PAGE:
AT&T Wants Yahoo's Internet Businessby and
Telecom company joins Verizon in potential pursuit of Yahoo
Yahoo sales process said to conclude in coming weeks
The telecom giant had previously decided against making an offer, people familiar with the matter said in April. AT&T kept one foot in the process through its stake in digital advertising business YP Holdings LLC., which had proposed a merger with a subsidiary spun out of Yahoo’s core business. However, YP is no longer pursuing such a transaction, said one of the people, all of whom asked not to be identified as the matter is private.
Shares in Yahoo fell 5 percent Wednesday to close at $35.59 in New York. AT&T was little changed at $38.62.
AT&T’s continued presence in the bidding process pits it against rival Verizon Communications Inc., which has long been considered a frontrunner to buy Yahoo. While Verizon remains a favorite to acquire Yahoo, it didn’t submit one of the highest first-round bids, two of the people said.
Representatives for AT&T, Verizon, Yahoo and YP declined to comment.
Dallas-based AT&T, which has a market capitalization of about $237 billion, can easily afford to compete in an auction. The company could pair Yahoo’s algorithm-based advertising technology with its mobile video service, which it launched after last year’s $48.5 billion acquisition of DirecTV. AT&T also owns a joint venture with the Chernin Group called Otter Media, which invests in digital media.
Earlier this month AT&T ended a partnership with Yahoo, handing a web-hosting contract for its mobile and desktop customer portal to Synacor Inc., a internet-services company with just $110 million in revenue.
AT&T may also be interested in Yahoo to help it compete with Verizon, which bought AOL Inc. last year and now has advertising technology and media properties that are similar to those owned by Yahoo. Verizon -- which has made no secret of its desire to buy Yahoo -- may still be a more likely suitor than AT&T, two of the people said, given the synergies with the AOL business.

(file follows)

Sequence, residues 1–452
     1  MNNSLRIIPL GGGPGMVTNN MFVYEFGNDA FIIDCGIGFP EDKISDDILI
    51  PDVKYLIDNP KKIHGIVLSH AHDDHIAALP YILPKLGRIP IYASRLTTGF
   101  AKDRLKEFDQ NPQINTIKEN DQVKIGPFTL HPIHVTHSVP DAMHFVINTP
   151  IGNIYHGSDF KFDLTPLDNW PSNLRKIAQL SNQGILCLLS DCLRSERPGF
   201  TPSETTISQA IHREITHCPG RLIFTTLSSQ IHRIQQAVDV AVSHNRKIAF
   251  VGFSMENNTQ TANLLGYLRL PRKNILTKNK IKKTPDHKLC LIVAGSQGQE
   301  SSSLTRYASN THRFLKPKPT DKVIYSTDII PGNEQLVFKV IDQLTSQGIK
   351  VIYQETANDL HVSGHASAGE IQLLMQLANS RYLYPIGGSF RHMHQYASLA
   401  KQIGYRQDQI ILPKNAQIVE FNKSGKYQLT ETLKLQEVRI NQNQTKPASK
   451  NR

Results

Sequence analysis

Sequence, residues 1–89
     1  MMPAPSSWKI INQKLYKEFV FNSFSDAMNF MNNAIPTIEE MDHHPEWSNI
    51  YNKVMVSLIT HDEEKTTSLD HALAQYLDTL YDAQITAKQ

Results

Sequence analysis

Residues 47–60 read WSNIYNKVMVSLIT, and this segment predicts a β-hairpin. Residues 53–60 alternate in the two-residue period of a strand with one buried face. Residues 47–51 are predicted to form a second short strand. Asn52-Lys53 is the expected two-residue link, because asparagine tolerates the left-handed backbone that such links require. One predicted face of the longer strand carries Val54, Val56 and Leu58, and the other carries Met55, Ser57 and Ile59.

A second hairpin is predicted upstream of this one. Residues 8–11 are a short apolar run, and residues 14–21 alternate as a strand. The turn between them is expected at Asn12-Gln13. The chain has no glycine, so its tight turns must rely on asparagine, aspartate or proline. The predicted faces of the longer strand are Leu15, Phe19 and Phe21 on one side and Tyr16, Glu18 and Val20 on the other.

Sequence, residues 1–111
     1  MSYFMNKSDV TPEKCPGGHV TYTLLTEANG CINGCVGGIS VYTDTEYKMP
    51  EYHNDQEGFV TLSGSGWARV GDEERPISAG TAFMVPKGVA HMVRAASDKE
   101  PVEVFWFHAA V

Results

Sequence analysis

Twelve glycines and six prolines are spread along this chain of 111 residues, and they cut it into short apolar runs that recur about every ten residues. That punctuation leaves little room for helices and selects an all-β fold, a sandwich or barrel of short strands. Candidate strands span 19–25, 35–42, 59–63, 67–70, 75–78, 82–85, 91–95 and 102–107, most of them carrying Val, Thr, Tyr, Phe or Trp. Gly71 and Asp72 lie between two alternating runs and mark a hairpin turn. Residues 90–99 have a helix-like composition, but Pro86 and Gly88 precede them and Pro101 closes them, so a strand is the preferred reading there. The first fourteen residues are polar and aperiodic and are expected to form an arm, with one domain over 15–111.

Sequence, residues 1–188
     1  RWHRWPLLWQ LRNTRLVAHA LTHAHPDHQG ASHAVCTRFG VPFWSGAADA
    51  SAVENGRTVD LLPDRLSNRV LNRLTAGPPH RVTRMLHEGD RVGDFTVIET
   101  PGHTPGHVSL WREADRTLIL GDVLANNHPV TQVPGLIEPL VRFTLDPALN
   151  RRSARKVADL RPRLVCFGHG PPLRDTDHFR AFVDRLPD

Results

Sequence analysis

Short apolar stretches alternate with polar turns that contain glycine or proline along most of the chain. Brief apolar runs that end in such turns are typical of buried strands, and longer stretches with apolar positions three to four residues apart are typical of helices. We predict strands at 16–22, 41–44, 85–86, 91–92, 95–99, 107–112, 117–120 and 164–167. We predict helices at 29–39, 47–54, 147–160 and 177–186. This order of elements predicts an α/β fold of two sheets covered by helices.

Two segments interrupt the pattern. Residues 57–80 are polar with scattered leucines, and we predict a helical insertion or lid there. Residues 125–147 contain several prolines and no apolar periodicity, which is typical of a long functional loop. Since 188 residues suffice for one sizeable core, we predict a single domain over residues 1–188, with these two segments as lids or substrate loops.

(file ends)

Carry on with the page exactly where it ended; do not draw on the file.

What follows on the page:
Yahoo’s financial advisers are spending extra time considering proposals from companies and private equity firms that made higher bids, but don’t know Yahoo’s business as well, one of the people said. The company received more than 10 initial offers ranging from about $4 billion to $8 billion, people familiar with the matter have said.
The sales process is likely to continue for another two to three weeks, another person said. Bidders have already met with Yahoo’s management to get due diligence information, another person said. Yahoo’s sales process is “well along the way,” Chief Financial Officer Ken Goldman said Tuesday at JPMorgan Chase & Co.’s Global Technology, Media and Telecom Conference in Boston.
Yahoo, under the leadership of Chief Executive Officer Marissa Mayer, started a review of the company’s options in February after pressure from investors and a failed turnaround. TPG, a group led by Quicken Loans Inc. founder Dan Gilbert -- and backed by Warren Buffett -- as well as a team financed by Bain Capital and Vista Equity Partners have all submitted bids for Yahoo, according to people familiar with the matter. John Malone’s Liberty Media Corp. has expressed interest in Yahoo but isn’t considered a likely finalist, one of the people said.